Oh, and there was a guy who begged for food outside my local convenience store towards the end of the month. He would hit you up as you went in, asking you to pick up something for his kids. (often milk and cereal.) I often did buy food for him. I was tempted to buy condoms, too, but never did. (He often hing out with a woman who was perpetually pregnant.)
I am a sucker for a woman holding a baby.
And I always give if music is provided.
I lived/attended law school in that neighborhood about 20 years ago. There were a few outside the Dubliner/Irish Times that were especially annoying.
I second all of this, except for the Atlanta part.
Being hit-up for money while I’m eating is one of my two beggar pet-peeves. (The other is running up as someone’s exiting a taxi. :mad:) Almost every time I eat in the food court at Ogilvie station (Chicago commuter rail terminal) I get hit-up more than once.
As to gender, in Chicago I’ve seen women holding signs asking for money but I’ve only seen men actively hitting people up.
I don’t give money to panhandlers, but in my experience it’s rare to even encounter a female panhandler. The ones I’ve seen are nearly always men. The few panhandling women I’ve seen did seem crazier/more desperate than the average male panhandler I’ve seen, though.
I wanted to add to my response above. I noticed that a few of you have written that you rarely see female panhandlers. I would say that here in Eugene the ratio is: 30% women, 50% men and 20% couples. Many have one or more dogs with them. Working in a public library downtown, and being someone who remembers faces, I not only see them on the streets, I see them at work. There used to be a son and father team who made their living panhandling here for years. They had the - “feel sorry for us we are just down on our luck face” - down to an art. They were both caught in one of our men’s restrooms buying and shooting up heroine. They are restricted from the library permanently.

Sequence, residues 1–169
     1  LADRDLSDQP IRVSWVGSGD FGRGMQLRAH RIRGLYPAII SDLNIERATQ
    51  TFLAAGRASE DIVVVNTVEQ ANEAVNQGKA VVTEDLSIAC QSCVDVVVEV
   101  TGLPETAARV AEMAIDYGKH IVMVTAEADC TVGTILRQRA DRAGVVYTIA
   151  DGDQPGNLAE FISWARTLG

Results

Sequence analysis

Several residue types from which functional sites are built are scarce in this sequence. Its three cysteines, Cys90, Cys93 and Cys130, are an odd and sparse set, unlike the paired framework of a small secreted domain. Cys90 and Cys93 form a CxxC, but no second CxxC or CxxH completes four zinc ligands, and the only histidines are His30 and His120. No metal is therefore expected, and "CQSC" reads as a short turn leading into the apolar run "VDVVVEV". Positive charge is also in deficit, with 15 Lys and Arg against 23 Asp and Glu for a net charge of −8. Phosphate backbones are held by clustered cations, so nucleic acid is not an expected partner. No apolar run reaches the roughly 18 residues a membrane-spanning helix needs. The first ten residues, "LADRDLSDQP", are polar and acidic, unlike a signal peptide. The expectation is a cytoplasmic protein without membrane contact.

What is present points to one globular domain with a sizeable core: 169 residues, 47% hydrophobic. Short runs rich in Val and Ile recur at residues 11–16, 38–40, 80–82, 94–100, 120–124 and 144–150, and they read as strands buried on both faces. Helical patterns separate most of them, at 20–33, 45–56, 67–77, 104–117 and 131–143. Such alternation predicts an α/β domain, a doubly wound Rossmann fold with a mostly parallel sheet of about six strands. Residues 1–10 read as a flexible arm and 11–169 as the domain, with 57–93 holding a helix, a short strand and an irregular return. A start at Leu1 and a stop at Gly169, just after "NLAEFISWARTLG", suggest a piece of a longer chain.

I don’t know what my criteria for giving to panhandlers is, I do it occasionally as the mood strikes me, certainly not based on gender.
One day a month I give $20 to the first panhandler I meet, regardless of sign, gender, age or whatever. And that’s it until next month. I make no claims that this is useful or fair or anything other than “but for the grace of the God I don’t believe in…”
The last time I saw a female panhandler she was wearing what looked like a very detailed outfit from an Oliver Twist movie right down to the smudges on her face. It was in the Chicago blues district.